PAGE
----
The Inertia Contributing Writer
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Snowboarding's origins are not what you think. Photo: Outside Online

Snowboarding’s origins are not what you think. Photo: Outside Online


The Inertia

We all know that the first crude snowboards were basically invented in the 60s and later catapulted into the mainstream by Tom Sims…Right? Think again, says pro snowboarder Alex Yoder, who has just produced a film, “Foothills,” that will have you questioning that famous narrative.

In the film, Yoder travels to the foothills of the Kaçkar Mountains in eastern Turkey, near the Georgian border, to a village called Petran. The village’s residents can make a strong claim to inventing the first snowboards 300 years ago.

Today — just as in the 1700s, if Yoder is right — the villagers ride simple wooden planks with a rope fixed to the nose, and hold a stick in their trailing hand that they dig into the snow, like a rudder. With the aid of steam, a few nails, and cow fat rubbed on the bottom (as we use wax today) the boards can be made in hours.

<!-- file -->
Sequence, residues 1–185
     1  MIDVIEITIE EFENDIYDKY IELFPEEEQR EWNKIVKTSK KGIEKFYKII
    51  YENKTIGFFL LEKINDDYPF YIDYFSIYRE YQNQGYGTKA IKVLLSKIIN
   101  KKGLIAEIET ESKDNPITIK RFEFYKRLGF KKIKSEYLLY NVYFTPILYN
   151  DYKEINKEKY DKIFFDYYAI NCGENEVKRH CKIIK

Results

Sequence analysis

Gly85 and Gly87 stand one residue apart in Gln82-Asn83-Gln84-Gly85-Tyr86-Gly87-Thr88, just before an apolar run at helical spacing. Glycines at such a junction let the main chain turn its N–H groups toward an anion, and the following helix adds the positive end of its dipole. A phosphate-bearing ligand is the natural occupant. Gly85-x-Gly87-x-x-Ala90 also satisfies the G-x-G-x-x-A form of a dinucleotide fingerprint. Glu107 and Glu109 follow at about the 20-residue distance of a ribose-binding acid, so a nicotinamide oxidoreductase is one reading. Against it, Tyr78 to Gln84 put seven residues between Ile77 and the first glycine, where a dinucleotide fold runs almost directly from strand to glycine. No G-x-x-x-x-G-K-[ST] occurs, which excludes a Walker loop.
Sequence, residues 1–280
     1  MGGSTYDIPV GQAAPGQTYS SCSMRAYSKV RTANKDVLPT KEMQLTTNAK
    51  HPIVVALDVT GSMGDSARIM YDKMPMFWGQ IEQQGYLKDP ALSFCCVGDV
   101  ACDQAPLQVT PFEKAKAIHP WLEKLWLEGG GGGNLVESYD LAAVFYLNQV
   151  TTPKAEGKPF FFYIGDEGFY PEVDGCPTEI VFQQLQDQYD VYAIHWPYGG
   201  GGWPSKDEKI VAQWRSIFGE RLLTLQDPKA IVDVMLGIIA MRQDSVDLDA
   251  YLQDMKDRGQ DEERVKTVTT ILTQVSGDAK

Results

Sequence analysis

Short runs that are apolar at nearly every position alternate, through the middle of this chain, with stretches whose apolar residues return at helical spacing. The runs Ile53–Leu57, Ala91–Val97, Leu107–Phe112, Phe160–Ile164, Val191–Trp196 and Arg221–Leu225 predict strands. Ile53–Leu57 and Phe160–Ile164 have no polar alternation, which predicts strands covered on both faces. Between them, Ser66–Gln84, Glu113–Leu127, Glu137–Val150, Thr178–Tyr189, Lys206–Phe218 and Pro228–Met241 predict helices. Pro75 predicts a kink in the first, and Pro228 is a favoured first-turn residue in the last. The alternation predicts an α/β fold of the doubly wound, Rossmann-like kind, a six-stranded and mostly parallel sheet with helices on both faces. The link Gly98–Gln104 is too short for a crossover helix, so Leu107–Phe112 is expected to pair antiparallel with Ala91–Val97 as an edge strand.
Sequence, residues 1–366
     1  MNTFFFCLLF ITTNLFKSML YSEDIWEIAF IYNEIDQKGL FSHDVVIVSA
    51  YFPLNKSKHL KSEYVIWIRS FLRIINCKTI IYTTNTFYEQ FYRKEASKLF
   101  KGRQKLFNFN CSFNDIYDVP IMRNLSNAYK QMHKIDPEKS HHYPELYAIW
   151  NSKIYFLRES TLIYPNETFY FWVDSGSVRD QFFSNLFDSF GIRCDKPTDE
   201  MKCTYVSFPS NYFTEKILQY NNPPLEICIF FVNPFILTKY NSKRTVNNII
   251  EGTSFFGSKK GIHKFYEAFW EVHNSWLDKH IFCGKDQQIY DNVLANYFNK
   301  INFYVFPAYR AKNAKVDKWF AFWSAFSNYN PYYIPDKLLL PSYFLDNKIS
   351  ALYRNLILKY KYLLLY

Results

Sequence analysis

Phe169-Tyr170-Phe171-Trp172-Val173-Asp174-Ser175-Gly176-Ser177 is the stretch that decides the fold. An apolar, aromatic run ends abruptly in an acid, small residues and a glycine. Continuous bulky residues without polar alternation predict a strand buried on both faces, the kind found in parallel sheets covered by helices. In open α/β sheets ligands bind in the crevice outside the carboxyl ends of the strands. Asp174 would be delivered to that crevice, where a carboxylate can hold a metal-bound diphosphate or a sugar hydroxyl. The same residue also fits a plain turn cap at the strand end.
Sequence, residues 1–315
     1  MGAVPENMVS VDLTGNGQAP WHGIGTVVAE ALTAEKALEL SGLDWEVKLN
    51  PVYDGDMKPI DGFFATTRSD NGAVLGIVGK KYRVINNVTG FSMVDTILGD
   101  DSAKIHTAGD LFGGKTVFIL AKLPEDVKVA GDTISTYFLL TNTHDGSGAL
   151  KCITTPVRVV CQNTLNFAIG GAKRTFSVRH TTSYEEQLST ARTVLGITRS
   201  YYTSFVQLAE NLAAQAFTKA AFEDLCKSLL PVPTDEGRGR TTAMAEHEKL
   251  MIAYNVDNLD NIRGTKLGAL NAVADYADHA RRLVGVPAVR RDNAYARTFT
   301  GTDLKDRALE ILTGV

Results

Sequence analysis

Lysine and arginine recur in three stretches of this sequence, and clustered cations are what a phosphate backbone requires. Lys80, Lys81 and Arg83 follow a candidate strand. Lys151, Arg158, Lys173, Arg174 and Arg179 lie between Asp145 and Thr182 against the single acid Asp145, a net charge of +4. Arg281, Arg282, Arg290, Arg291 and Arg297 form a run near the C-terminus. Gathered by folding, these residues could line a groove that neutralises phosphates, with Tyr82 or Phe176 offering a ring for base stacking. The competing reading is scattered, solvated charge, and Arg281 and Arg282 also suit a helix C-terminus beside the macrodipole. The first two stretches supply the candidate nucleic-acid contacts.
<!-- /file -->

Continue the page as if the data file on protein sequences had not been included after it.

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“Could this be the original snowboard?” Yoder asks.

If you feel like you’ve seen images of Petranboarding, as Yoder calls it, before, you probably have, in the film “12.”

To a groovy soundtrack, Yoder and friends drink tea with locals and try their hand (well, as you’d imagine) at Petranboarding. And to satisfy those who want to see the boys shred on modern splitboards, they managed to scare up a janky snowcat, test it’s ability to penetrate the backcountry, and rip some Turkish pow.

Is Yoder correct about the unsung inventors of our beloved sport? Hard to say. But it doesn’t matter much because he’s got some compelling evidence that’s really fun to watch.

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